Properties: Sugilite also called “Lavulite or Royal Azele” is known to enhance psychic abilities. It has several names, but is known as the Universal Life stone, the Violet Flame stone and the Healer stone.  Its rich, deep purple hue is associated with the Third Eye Chakra and the energy of the Crown Chakra.

Sugilite is believed to help you get in touch with your Spiritual Guides. It has the properties ton protect, absorb and dissolve anger, hurt, and unwanted energies. Sugilite brings spirit/light into the physical body and heart for healing, especially when placed on the Third Eye Chakra. This stone helps to alleviate depression/despair, stress. This stone brings peace of mind, well being, spiritual love and is considered an androgynous stone. It is one of the purple stones, which help to balance right and left brain function. Used to help anyone “integrate” into the world or new surroundings.

Folk Remedies: This crystal is an important healer’s stone used to gently draw out pain (headaches too), inflammation, stress, dis-ease, toxins, emotional blocks. Balances adrenal, pineal, pituitary, and Lt/Rt brain.

Feng Shui: Sugilite is used in the Center direction for balance and any area where there needs to be a shift or transition.

Crystal Cleansing: Discharge the negative energy from this stone, once a month, among tumbled hematite stones. This stone does not need charging as it is full of energy! My suggestion: use your intuition.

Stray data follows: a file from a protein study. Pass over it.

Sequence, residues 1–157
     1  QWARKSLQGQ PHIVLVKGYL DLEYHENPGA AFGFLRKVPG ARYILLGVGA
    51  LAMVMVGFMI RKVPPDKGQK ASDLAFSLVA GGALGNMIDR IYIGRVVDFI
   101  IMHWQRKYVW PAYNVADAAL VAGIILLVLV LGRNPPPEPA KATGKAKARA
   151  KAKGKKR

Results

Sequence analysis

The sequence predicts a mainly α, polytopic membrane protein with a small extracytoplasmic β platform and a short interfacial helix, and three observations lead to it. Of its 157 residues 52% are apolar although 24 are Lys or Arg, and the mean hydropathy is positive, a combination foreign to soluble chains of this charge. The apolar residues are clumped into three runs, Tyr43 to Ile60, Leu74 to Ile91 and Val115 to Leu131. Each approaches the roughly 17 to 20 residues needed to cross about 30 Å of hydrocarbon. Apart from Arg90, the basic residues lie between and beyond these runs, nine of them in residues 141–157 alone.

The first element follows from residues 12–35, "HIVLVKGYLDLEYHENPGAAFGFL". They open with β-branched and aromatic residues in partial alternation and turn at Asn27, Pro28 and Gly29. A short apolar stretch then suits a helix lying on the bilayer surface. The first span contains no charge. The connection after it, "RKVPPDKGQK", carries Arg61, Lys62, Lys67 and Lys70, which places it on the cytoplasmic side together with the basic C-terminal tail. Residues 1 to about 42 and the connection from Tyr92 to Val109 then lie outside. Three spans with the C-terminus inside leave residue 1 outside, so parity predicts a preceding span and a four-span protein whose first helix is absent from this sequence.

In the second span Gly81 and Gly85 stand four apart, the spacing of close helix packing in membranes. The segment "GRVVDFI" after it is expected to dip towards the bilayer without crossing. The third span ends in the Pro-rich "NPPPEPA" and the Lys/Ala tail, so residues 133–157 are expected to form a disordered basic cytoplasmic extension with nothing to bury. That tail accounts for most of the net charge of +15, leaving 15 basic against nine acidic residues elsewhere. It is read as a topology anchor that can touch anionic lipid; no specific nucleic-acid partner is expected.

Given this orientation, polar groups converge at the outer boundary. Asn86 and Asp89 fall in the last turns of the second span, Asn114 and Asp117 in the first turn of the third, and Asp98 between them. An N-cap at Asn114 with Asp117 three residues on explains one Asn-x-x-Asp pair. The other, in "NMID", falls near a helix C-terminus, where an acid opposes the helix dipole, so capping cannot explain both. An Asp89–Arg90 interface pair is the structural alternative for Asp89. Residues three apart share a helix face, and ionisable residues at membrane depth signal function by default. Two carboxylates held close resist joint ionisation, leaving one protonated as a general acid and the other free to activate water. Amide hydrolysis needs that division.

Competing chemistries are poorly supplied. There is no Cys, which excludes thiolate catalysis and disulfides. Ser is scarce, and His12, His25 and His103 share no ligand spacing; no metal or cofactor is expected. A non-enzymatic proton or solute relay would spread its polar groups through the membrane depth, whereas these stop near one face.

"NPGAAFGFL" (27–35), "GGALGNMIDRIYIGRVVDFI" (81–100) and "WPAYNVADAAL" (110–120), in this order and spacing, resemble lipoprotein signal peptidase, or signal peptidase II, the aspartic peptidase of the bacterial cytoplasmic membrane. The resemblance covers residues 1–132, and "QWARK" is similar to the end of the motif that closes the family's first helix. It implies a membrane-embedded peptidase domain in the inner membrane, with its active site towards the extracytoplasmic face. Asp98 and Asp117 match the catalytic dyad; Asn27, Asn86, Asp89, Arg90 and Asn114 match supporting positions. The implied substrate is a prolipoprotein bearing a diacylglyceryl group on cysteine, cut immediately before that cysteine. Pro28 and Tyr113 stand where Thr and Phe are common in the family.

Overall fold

History: Sugilite (KNa2 [Fe2Mn2Al] 2 Li3Si12O30) is also called “Lavulite/Royal Azele” It can be solid, violet pink to purple. Found only in the first half of the 20th century, first in Japan then in South Africa. Sugilite was first described in 1944 by the Japanese petrologist Ken-ichi Sugi (1901–1948) for an occurrence on Iwagi Islet, Japan, where it is found in an aegirine syenite intrusive stock. It is found in a similar environment at Mont Saint-Hilaire, Quebec, Canada. In the Wessels mine in Northern Cape Province of South Africa, sugilite is mined from a strata-bound manganese deposit. It is also reported from Liguria and Tuscany, Italy; New South Wales, Australia and Madhya Pradesh, India. The mineral is commonly pronounced with a soft “g”, as in “ginger”. However, as with most minerals, its pronunciation is intended to be the same as the person it is named after; in this case, the Japanese name Sugi has a hard “g”, as in “geese”.

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